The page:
Dogs with allergies, such as mold, dust, pollen, are often susceptible to a dog ear infection. When exposed to the allergen, the ears or ear canals may swell and become inflamed. A food allergy can also cause this reaction.
In rare cases, your dog may be suffering for hypothyroidism. Hypothyroidism is an under-active thyroid, which can lead to chronic bacterial infections and inflammation.
While not considered an actual ear infection, tumors, polyps, or foreign objects in the ear canal as well as trauma to the head should also be mentioned. Because these can all cause discomfort and swelling in the ear, the symptoms often look the same as those of an ear infection. Your veterinarian will be able to see inside the ear to check if your dog is suffering from an actual infection or from a blockage instead.
Dog Ear Infection Symptoms
Knowing the dog ear infection symptoms can help owners recognize one early. While certain types or causes of ear infections have slightly different symptoms, it is best to take your dog to a vet whenever you suspect an infection. Your vet can then properly diagnose and recommend treatment based on the specific cause and situation.
The most common symptoms include:
- Excessive scratching at the ears
- Excessive rubbing of ears on ground or furniture
- Abnormal or unpleasant odor in ears
- Redness or swelling inside the ear
- Debris or discharge from ears (could be black, green, yellow, or brown)
- Head tilting or shaking
Other symptoms you may see are:
- Noticeable hair loss around the ear
- Scabs or crusting on the outer ear
- Pain or reluctance to open mouth or chew
- Hearing loss or deafness
- Loss of balance
- Walking in circles
- Unusual eye movements
- Nausea or vomiting
- Unequally sized pupils
- A grey, bulging eardrum
Rarely, and in severe cases of an inner ear canal infection, your dog may show signs of paralysis or an inability to blink. This indicates potential nervous system damage and you need to take your dog to a veterinarian as quickly as possible.
Any symptoms that are not affecting only the ear (such as reluctance to open the mouth, nausea, loss of balance) likely indicate a middle or inner ear infection. A vet is also needed in these circumstances to treat the infection. Permanent damage and hearing loss could result if left untreated.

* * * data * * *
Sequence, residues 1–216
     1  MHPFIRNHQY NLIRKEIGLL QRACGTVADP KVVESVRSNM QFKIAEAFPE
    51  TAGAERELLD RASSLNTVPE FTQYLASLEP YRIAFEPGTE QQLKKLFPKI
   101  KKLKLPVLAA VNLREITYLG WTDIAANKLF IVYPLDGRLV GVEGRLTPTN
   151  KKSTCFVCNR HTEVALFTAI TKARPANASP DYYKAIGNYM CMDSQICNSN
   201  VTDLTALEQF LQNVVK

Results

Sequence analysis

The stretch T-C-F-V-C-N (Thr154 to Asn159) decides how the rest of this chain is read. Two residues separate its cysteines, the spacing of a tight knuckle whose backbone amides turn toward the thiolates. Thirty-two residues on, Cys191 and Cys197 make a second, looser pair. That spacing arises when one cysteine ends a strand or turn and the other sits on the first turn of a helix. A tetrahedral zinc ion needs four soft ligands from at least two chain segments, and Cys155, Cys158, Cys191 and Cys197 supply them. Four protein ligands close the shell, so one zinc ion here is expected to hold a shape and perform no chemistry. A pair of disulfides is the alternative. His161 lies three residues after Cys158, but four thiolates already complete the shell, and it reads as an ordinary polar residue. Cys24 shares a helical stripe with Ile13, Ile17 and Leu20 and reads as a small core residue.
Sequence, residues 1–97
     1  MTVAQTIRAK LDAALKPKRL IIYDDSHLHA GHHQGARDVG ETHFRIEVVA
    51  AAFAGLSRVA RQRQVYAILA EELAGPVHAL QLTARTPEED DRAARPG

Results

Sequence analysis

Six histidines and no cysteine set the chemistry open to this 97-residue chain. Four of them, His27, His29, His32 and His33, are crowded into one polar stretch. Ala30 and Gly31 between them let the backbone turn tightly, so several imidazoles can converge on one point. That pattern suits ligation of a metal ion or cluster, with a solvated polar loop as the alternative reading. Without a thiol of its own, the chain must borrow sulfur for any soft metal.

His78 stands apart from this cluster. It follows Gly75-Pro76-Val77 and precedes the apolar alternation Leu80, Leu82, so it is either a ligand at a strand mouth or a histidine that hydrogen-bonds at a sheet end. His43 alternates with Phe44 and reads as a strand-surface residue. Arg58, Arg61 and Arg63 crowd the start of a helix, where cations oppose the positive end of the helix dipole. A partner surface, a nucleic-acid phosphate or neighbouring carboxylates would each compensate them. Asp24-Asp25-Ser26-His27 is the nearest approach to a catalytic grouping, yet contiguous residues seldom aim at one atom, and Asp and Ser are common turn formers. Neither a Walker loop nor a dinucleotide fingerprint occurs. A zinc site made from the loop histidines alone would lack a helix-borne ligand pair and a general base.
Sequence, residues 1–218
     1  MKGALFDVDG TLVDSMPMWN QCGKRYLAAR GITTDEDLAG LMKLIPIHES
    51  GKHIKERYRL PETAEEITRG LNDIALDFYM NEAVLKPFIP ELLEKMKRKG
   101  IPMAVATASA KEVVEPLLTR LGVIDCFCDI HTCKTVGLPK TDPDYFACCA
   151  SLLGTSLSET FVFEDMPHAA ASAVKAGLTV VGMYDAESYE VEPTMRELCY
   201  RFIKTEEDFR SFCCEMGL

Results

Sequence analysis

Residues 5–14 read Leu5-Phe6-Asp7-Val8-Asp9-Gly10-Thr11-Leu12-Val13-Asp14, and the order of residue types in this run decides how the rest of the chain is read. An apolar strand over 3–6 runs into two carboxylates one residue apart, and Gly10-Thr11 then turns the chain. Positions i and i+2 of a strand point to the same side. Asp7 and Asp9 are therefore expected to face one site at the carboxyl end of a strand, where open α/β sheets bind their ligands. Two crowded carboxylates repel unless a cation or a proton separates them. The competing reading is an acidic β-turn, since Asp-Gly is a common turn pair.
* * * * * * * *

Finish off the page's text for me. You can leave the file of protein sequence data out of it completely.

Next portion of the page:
Only otitis externa, where the symptoms are mild, is safe to be treated at home. Still, it is recommended that you first speak with your vet for evaluation and recommendations on treatment options.
Dog Ear Infection Treatment
Your veterinarian will determine if your dog has an ear infection and its cause with an ear exam. This includes visually inspecting the outer ear as well as using a magnifying ear cone for the middle and inner ear.
If the vet sees signs of an infection, he or she will take a swab sample to test for bacteria, yeast, or ear mites. Different treatment or even surgery may be required if the vet finds tumors, polyps, or a foreign object.
If there is an infection, your vet will clean your dog’s ears as a first step. Cleaning the ear and removing any discharge or hair is important because it improves the effectiveness of any topical medications. If you try to put ear drops or an ointment in an ear that is full of debris, discharge, or excess hair, none of it will actually get to the infection!
After the cleaning, the vet will likely prescribe a topical ointment or drops to be put in the ear itself. If necessary, an oral medication (antibiotic, anti-yeast, and/or anti-inflammatory) may be prescribed as well. Often the vet will recommend a follow-up visit to ensure that the medications worked and the infection is cleared.
Prevention: How To Clean Dog Ears
Like most health issues, smart grooming and care techniques can help prevent a dog ear infection. Here are some tips to help reduce the chances that your furball gets an infection:
- Use an ear cleanser: There are many ear cleansers made specifically for dogs on the market. Ask your vet for his or her recommendation. One popular cleaning solution is Zymox Otic. You can also make your own (see Home Remedies section below).
- Keep ears dry: After swimming, bathing, or being out in the rain, make sure that your pup’s ears are dried thoroughly with a towel and/or a hairdryer.
- Trim ear hair: If ear hair is contributing to infections, trimming the ear hair may help debris and moisture from getting stuck in the ear canal. You may even consider plucking some or all of your dog’s ear hair, which we discuss more below.